Alec Nevala-Lee

Thoughts on art, creativity, and the writing life.

The best of youth

with 2 comments

At some point, as I was preparing for last week’s World Science Fiction Convention, I realized that there was a good chance that I would run out of books. This wasn’t a problem that I ever expected to have. Astounding isn’t due to come out for another two months, and the hardcovers aren’t available yet, but in the meantime, my publisher printed up a bunch of advance copies, or galleys, which we’ve been sending to reviewers, media outlets, and everyone else we might want to reach. The number of galleys is relatively large, but not unlimited, and about a month ago, I began to hear rumblings that we were coming up short. (One issue is that we sent a hundred copies to Comic-Con, which sounds awesome in theory, although I wish that we’d saved them for Worldcon, which is much closer to this book’s target audience.) After scrambling to get copies from various departments, I ended up with two dozen galleys that could be spared for San Jose, which I supplemented with a stack from my stash at home. Some of these ended up being handed out at a booth run by the Science Fiction and Fantasy Writers of America, while I set aside ten others for attendees at my roundtable and for a few special recipients. As a result, I was left with just six copies to give away at my reading, which drew a sizable turnout. Since I couldn’t give a copy to everyone, I had to think of ways to distribute the ones that I had, and it occurred to me to give a book to the youngest person in the room. Toward the end, I looked out at the audience and said, “Raise your hand if you’re under thirty.” And in a crowd of over one hundred people, exactly two hands shot up.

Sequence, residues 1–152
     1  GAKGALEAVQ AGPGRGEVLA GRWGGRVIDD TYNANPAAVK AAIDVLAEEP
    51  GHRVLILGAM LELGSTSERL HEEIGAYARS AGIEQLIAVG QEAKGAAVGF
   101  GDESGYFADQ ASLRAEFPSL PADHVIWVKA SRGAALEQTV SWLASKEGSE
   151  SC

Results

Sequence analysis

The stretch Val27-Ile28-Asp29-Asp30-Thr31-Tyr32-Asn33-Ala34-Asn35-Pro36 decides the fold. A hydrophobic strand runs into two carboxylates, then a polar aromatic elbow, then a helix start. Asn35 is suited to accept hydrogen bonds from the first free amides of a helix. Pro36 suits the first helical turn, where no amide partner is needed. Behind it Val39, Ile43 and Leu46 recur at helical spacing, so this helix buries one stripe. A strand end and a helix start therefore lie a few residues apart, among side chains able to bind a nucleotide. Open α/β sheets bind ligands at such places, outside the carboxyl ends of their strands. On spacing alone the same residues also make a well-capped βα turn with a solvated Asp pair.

I had much the same experience at my other events, at which I saw perhaps half a dozen people who were under thirty years old. In nearly every case, I was among the youngest people in the room. (As far as I know, I attracted just one audience member across the entire week who was under twenty. He showed up to my second event, and I didn’t get his name, but if he’s reading this now, I’d like to hear from him. I think he deserves a copy, too.) Two years ago, after MidAmeriCon II in Kansas City, I wrote a blog post noting that I kept seeing the same fifty faces at my panels. I was aware that the average age at Worldcon has long been higher than that at similar gatherings, but it still felt as if I were spending the weekend at a convention within the convention—an enclave in which a vibrant but graying crowd was gathering to celebrate writers, stories, and a shared history that the larger community was beginning to forget. Now that more time has passed, it feels even more true today. Fandom is inexorably growing older. We’ve recently lost important personalities, such as Gardner Dozois and Harlan Ellison, who had embodied much of its institutional memory. And it isn’t clear whether new voices are emerging to replace the old ones. While I was in San Jose, I made time to meet up with a few younger writers whom I happen to know, and I saw a few familiar faces in the hallways, but for the most part, I spent the week at a slight remove from the authors and fans who looked like me, or who come from approximately the same generation. And as I’ve noted before, I occasionally have trouble making the case that they should take an interest in a book about these four writers.